From the New York Times, with thanks to Anthony:
BETHLEHEM, West Bank, Dec. 20 – In the town where Christians believe Christ was born, the Christians are leaving.
Four years of violence, an economic free fall and the Israeli separation barrier have all contributed to the hardships facing Palestinian Christians in Bethlehem, one of the largest concentrations of Christians in the region.
An estimated 3,000 Christians in the Bethlehem area have moved abroad since the Palestinian uprising began in 2000, according to Bernard Sabella, an associate professor of sociology at Bethlehem University who has tracked the issue. While some others put the number a bit lower, there is a consensus that 10 percent or more of the Christian population in Bethlehem and two adjoining towns has departed.
The continuing exodus has left Christians accounting for only about 21,500 of the 60,000 Palestinian residents in the area, or about 35 percent, according to Mr. Sabella. “Christians all over the world need to know this reality,” said Hanna Nasser, a Christian who is the mayor of Bethlehem. “If there is not a breakthrough in the peace process, this trend will continue. Imagine the town of Bethlehem without Christians.”
Bethlehem’s central square should be packed for Christmas celebrations, but the tourists and pilgrims stopped coming when the fighting began.
“For four years there has been no business, no way to earn a living,” said Saleh Michel, 88, a Catholic.
For decades Mr. Michel ran a recession-proof family business. His musty souvenir shop, the Bethlehem Oriental Store, is less than 10 paces from one of Christendom’s most important shrines, the Church of the Nativity, built on the site where tradition holds that Jesus was born.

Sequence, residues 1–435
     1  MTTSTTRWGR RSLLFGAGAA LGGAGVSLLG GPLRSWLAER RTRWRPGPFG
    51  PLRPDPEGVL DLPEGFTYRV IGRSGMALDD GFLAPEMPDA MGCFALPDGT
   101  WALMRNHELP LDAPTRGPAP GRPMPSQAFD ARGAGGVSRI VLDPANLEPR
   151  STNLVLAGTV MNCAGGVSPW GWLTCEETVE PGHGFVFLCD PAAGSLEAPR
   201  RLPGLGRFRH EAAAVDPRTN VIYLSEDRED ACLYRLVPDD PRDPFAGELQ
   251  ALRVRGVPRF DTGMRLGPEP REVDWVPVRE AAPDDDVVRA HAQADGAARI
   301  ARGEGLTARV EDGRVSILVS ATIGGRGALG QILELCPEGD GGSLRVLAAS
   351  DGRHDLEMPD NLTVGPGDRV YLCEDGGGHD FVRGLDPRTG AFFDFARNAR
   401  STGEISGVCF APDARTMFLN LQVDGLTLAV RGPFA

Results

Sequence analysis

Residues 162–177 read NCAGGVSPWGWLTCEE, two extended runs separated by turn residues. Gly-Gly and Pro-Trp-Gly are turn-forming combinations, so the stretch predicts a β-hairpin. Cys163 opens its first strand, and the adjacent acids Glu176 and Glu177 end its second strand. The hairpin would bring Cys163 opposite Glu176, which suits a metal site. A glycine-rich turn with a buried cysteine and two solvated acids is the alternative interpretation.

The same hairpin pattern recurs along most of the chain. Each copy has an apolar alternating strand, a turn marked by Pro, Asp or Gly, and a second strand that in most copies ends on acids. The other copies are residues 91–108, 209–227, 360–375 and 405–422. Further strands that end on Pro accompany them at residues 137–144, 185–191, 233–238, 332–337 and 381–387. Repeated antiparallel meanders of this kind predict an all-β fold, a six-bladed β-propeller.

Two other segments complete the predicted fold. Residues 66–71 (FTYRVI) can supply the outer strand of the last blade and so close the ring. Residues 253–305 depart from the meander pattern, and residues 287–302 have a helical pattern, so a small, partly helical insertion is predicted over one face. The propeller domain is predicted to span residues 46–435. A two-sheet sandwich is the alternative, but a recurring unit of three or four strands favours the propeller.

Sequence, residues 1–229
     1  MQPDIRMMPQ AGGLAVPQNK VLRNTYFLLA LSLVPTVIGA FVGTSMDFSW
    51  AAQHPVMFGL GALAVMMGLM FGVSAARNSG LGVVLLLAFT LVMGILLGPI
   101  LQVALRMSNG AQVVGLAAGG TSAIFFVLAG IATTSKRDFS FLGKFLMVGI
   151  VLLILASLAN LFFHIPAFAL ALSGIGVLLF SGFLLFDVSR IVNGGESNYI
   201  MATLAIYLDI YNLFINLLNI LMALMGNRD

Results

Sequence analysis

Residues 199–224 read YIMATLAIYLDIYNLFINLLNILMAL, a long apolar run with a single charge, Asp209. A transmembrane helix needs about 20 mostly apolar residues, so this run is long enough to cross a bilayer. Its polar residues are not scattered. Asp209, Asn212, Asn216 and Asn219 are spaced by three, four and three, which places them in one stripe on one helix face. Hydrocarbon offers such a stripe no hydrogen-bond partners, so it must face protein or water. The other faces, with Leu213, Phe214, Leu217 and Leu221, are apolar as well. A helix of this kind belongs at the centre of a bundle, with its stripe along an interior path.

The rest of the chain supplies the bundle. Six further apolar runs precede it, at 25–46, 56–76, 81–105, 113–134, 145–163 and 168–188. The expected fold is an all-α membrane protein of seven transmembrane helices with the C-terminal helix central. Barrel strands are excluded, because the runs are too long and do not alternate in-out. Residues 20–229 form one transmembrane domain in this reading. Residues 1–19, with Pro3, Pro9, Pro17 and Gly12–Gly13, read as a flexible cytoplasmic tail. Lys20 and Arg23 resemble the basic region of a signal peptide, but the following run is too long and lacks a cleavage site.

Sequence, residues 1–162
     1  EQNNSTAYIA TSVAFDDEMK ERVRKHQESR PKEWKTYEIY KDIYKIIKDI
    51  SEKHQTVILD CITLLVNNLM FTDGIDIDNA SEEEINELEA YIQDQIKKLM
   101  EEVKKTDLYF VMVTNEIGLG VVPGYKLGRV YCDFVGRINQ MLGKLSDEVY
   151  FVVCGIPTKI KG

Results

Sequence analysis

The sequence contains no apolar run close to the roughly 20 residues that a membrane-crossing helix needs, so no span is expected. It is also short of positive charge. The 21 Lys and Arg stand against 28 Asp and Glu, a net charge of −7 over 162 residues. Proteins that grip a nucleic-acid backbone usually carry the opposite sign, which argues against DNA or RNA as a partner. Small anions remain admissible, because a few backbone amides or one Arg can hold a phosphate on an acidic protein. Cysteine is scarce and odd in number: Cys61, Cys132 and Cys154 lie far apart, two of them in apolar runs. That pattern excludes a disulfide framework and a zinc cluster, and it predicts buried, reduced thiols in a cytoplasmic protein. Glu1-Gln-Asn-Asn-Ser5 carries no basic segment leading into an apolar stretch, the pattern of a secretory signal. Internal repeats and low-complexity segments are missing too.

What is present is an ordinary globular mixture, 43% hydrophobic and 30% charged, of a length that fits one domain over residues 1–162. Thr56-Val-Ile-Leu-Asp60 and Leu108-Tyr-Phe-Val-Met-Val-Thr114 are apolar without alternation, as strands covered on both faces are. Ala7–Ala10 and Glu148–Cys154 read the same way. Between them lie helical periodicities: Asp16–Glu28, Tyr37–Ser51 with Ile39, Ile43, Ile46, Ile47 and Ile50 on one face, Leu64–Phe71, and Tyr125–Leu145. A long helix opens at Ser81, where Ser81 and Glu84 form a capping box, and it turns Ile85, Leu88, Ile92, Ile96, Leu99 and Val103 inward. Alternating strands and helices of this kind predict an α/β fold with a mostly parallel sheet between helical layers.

Yet Mr. Michel rarely opens these days, and one of his adult sons has moved to Italy. “I asked him to stay,” Mr. Michel recalled. “He said, ‘Then feed me.’ He had no choice but to leave and find work elsewhere.”
The gloom stands in stark contrast to the mood five years ago. Back then, the stone square outside the Church of the Nativity was overflowing with tourists for Christmas and New Year’s celebrations. Palestinians were talking up the possibility of statehood in 2000. Pope John Paul II visited in March 2000, helping to fuel a surge in visitors. New hotels were rising to accommodate the crowds.
“We all had high hopes,” said Fayez Khano, 58, who carves olive wood souvenirs in a workshop dusted with flakes of blond wood.
But today Mr. Khano, a father of three, has a son and a daughter in Dublin, and another daughter who is about to move to the United States.
“We depend on our kids to send us money,” said Mr. Khano, who along with his brother has been crafting Jesus figures and manger scenes at his shop for a quarter-century. “I want to stay, because I was born here, but my wife is pushing me to leave. If the situation continues I will have to consider it.”
Arab Christians have been a relatively prosperous minority within Israel and the West Bank, generally well educated and middle class. Many have the advantage of having relatives or other connections abroad, enabling them to move with ease to the United States, Europe or Latin America.
The Christian emigrants tend to be quite successful and rarely look back. In one striking example, the two main candidates in El Salvador’s presidential election in March, the winner, Tony Saca, and the runner-up, Schafik Handal, were both descendants of Catholic Arab families that came from here.
Bethlehem was more than 90 percent Christian until the middle of the last century. Then the Arab-Israeli war of 1948, begun by Arab states in response to the founding of Israel, brought an influx of Muslim refugees to the Bethlehem area and signaled the start of a demographic shift. But what began as a steady emigration of Christians accelerated into a relative flood with the onset of violence four years ago.
The Christians, most of them Greek Orthodox or Catholic, have not been directly involved in the fighting but have suffered the consequences.
In the early days of the uprising, Muslim gunmen in the Bethlehem area took hilltop positions in Beit Jala, which is predominantly Christian. That afforded them a clear firing line at the southernmost part of Jerusalem. When the Israeli military responded, Beit Jala residents found themselves on the front lines of the conflict, and occasionally among its casualties.